In the spirit of this chapter, I want to start off with a story and a question. In one of my graduate courses in Adult Education one of our professors took us on a field trip to visit the WISH Foundation, an organization that that “works to improve the self, safety and well-being of women who are involved in Vancouver’s street based sex trade.” For me this experience connected adult education in the community with social justice and helped me understand why adult learning mattered. This one moment helped motivate me for the remainder of my program.  This example connects with how Lang looks at motivation, in particular his discussion of the importance of “self-transcendent purpose.” In this post I will focus on the role of purpose in motivating students.

Take a few minutes now, think about and share a significant experience in your learning that motivated you? What was the experience? What impact did it have on your studies? To what extent  does it fit with how Lang connects emotion, purpose and motivation?

Emotion and Motivation

In this chapter Lang focuses on the role of emotion in motivation. At the outset of this chapter he suggests that this focus on emotion is complimentary to research on intrinsic and extrinsic motivation and that the reader should, “Consider emotions as a motivating force that have the power to drive both intrinsically and extrinsically motivated learners in the right circumstances.” (Lang, 2016, p. 104) He describes three key elements of research on emotions:

  1. Emotions can help capture the attention of our students
  2. Infuse learning with purpose, especially self-transcendent purpose
  3. Emotions are social and that by connecting students


The idea of infusing our learning with a sense of self-transcendent purpose really resonated with me as a teacher and a learner. In my own experience when learning activities  are connected with changing the world in a positive way, it can be incredibly motivating for learners. One example of have seen of this is action is courses or programs that have students create or edit articles for Wikipedia in-order to improve coverage in areas such as female artists, Canadian female scientists and indigenous authors. It is incredible to see how motivated students often become when completing assignments assignments that are so strongly liked with the public good.  In addition, to transcendent purpose,  Lang suggests a number of different ways of ensuring our classes are purposeful including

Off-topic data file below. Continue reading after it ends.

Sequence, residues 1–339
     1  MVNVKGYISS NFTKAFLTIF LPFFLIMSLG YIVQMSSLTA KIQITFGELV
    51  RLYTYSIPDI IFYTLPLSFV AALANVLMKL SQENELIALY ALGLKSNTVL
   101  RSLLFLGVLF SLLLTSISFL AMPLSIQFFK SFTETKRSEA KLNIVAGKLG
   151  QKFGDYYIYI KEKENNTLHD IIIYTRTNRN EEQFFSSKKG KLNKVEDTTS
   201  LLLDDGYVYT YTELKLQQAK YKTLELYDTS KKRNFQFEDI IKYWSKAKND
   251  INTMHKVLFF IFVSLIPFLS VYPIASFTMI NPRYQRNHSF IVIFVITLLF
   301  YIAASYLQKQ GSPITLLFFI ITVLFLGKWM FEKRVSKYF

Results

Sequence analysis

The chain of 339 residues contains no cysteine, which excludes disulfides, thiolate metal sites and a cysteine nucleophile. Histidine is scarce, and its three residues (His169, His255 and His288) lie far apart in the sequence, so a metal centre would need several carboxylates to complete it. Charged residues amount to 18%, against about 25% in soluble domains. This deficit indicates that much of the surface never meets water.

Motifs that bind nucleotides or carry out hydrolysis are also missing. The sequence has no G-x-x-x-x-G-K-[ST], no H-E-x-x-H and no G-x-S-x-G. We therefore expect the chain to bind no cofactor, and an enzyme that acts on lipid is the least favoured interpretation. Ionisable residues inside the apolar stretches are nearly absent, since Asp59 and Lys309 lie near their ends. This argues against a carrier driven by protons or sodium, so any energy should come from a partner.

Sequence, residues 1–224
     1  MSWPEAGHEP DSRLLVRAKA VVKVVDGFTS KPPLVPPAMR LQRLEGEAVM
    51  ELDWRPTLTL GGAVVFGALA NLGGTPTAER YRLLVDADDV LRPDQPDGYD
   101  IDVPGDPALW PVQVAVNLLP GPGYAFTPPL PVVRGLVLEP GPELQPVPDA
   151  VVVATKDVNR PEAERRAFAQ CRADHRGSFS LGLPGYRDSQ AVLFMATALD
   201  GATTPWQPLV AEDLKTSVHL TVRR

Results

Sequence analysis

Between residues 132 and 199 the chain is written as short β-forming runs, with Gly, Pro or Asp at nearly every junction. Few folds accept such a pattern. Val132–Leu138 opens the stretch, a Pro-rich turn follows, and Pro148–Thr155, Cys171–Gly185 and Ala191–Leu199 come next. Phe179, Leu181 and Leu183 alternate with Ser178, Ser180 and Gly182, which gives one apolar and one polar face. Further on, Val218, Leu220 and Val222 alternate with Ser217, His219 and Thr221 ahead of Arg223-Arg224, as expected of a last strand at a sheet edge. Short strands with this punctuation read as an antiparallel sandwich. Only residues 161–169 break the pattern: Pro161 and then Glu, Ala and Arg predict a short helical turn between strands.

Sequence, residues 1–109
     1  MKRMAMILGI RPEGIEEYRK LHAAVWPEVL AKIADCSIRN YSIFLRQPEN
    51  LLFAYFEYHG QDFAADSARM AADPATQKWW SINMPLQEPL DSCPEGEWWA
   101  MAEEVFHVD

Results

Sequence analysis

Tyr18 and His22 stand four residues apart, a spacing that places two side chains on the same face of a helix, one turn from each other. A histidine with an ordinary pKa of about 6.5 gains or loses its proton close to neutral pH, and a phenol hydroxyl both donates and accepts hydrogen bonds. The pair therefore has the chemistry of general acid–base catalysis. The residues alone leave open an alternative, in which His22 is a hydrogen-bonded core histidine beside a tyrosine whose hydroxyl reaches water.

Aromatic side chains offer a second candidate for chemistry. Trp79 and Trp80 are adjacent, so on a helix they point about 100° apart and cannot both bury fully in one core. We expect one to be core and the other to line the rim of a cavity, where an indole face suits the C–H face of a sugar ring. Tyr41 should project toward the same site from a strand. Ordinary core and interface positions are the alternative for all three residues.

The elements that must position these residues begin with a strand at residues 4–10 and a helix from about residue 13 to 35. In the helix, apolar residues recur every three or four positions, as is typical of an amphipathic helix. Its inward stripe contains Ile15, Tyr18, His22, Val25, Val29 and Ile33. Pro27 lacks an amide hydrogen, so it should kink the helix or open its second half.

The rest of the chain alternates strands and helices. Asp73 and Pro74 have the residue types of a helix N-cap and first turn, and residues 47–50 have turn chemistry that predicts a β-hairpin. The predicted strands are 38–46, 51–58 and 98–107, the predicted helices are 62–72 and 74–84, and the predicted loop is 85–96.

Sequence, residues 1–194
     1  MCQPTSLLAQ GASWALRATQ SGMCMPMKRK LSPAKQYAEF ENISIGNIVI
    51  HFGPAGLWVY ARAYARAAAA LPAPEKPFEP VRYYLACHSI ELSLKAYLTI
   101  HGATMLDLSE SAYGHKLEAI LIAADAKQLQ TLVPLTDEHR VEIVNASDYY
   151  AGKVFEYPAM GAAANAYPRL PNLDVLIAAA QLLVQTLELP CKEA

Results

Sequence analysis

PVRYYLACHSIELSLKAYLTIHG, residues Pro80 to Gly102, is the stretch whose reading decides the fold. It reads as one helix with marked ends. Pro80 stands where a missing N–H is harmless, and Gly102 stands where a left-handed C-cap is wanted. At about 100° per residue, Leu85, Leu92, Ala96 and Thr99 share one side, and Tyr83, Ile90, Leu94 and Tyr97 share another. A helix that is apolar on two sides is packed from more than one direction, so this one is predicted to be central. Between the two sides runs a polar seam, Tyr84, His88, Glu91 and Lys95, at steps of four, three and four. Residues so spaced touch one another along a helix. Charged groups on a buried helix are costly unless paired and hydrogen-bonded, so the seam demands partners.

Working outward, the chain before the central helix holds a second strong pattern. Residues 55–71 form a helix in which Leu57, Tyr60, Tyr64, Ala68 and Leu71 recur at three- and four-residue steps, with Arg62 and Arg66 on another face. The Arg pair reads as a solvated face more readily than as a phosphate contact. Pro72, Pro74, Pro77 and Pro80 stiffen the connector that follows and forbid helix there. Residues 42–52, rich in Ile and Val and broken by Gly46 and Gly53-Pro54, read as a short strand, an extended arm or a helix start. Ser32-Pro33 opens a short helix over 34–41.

• Mentioning the purpose behind different assignments and approaches we take in our courses
  • Reminding yourself of why your discipline does matter and including this in assignments, syllabus etc.

Enthusiasm, Social Connection, Compassion

In this post I have mostly focused on purpose and emotion. Lang also shares ways that the teacher can increase motivation by enthusiastic, fostering social connection and showing compassion. The approaches included the following:

  • Share your enthusiasm for the subject or topic
  • Tell great stories or even frame your lesson with a story or big question
  • Connect with students and find ways to make help them connect with each other
  • Show compassion towards students


What are some ways that you infuse your classes  with a sense of self-transcendent purpose? How can we balance compassion with fairness in the classroom? Is Lang’s approach to motivation sufficient to increase motivation in our classrooms?

Please discuss in this week’s forum: Chp. 7: Motivating and join us for the live web conference meetup on Friday, November 1st at 11:00am.
See How to Participate.

Follow Up

I wanted to follow-up the virtual session with my slides and a resources about Digital Hubs that Laura shared with us

Digital Hubs to support social learning

Virtual Discussion Slides